• This is fairly flawed. Nearly ALL tech companies had a significant boost in stock value in 2013-2020. It is fairly easy to be a CEO in such a period comparing for example to 2008-2013. But much bigger problem is that you look at the stock price and talk about 'bankruptcy'. The stock price has nothing with the bankruptcy. At the point when Nadella took over Microsoft was already one of the most profitable companies in the world and its profits haven't exploded in 2013-2020, actually they were growing slower than at Ballmer's time which as said was in harder economy and some projects were held off to leave the boost for new CEO (like all Nadella had to do for Microsoft Office for Android and iOS was to press the button to launch them as CEO). Not to say that Nadella was a bad CEO, just I don't think there is anything impressive in what he done aside from being a good politician so that shareholders want Microsoft stock much much more though the profitability is roughly the same. It is a feature though that shouldn't be underestimated, just only based on this you can't say someone is brilliant.
  • He is doing it by playing it really safe and has Microsoft back to being a boring enterprise only company. Except Xbox which is doing well from having such a strong leader as Phil. Otherwise it would likely be spun off by now.
  • I would like to see it available as an option of an upcoming Xbox model. Multiplayer / user at the same time would be great.
  • Phil Spencer said Xbox won't have VR because fans aren't asking for it, and it's "isolating." Mixed messaging about this from Microsoft.
  • I'm not getting this article. The only VR experience I routinely have is WITH Microsoft's WMR platform. I exclusively play Elite Dangerous, which works beautifully on the Acer WMR headset. How much more "consumer" can you get?
  • When u stop using controllers but only your hands and it is totally wireless and yet the same price category as WMR... Then this is truly consumer.
  • So the Vive, the Index, any Oculus headset except the Quest when used without controllers, and basically every VR headset available is not "truly consumer".
  • In my opinion, using a WMR headset with SteamVR is pretty seamless. I put the headset on and it auto starts. When I drop into Cliff House there is an icon for steam vr I click and bam. I suppose we could get 1 less click by going straight to steam vr. Jez is right about the windows store offering. They are very slim pickings. I'd personally rather use steam anyways to have all my games in one place so I prefer steam. I do own a little over a dozen vr titles now on steam and they all work flawlessly with WMR.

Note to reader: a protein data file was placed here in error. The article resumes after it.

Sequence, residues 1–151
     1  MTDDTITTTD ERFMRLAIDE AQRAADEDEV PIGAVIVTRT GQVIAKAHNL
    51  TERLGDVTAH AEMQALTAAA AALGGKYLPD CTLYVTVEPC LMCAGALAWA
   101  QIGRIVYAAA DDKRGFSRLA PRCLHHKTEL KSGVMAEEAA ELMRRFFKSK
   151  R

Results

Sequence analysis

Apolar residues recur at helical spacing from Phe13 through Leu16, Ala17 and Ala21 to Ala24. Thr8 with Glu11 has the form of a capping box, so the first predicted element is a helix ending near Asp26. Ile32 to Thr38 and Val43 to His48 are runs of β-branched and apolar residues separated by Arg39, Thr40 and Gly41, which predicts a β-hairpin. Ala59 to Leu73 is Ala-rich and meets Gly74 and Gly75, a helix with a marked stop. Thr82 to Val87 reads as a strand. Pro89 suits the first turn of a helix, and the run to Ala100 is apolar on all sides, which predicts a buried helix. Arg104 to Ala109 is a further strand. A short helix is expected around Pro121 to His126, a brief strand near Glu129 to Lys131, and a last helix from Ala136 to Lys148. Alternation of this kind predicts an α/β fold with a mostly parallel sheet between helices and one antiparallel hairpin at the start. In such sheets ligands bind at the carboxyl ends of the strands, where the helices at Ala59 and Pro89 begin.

• So this is a tough one. This is an industry I am in, but on the Enterprise side. AR/VR is very near and dear to me and I think it has a huge growth potential. But from what I have seen with VR time and time again is a lot of people think of it as one and done. They play a game once and think it's neat in VR, but then don't pick it up again. Now obviously Beat Saber is an anomaly, but it just isn't enough. On the AR front Enterprise is investing heavily into this. But on the consumer side it is still being figured out. For example is someone going to want to play a game in AR or VR. More than likely they will pick VR. But there are applications outside of games. Whatever happens I hope these companies who make a push into consumer market really knock it out of the park.
  • There's few games for WMR in the store, but they're definitely more than "half a dozen". Also don't think playing SteamVR games is anything to complain about. You put on the headset, when it starts you click on the game shortcut , or look for it in your (VR) Start Menu, and you're set, the game launches without further intervention. How does this work in Oculus? It doesn't load a previous menu or environment, or bridging driver at all? I expect the Vive or Index to offer the most "seamless" experience, but to be fair they're built with Valve to work straight from SteamVR.
  • I was an early adopter of Windows Mixed Reality, and after all the games I wanted to play were exclusives of some other platform, or not supported on WMR headsets, I abandoned the platform. Why would I keep supporting it when Oculus has heavily been investing in expanding the platform's capabilities and creating its own experiences? The Oculus Quest is clearly an affordable way to enjoy VR that doesn't require tethering to a PC. And the experience is just great!
  • I consider myself rather up to date.. Was a strong supporter of hand tracking in hololens 2. After oculus quest came up with not just hand tracking like hololens 2, but a more ease to use, SDK... I stop looking back to WMR including hololens 2...as below $1500 better headsets are available soon this year..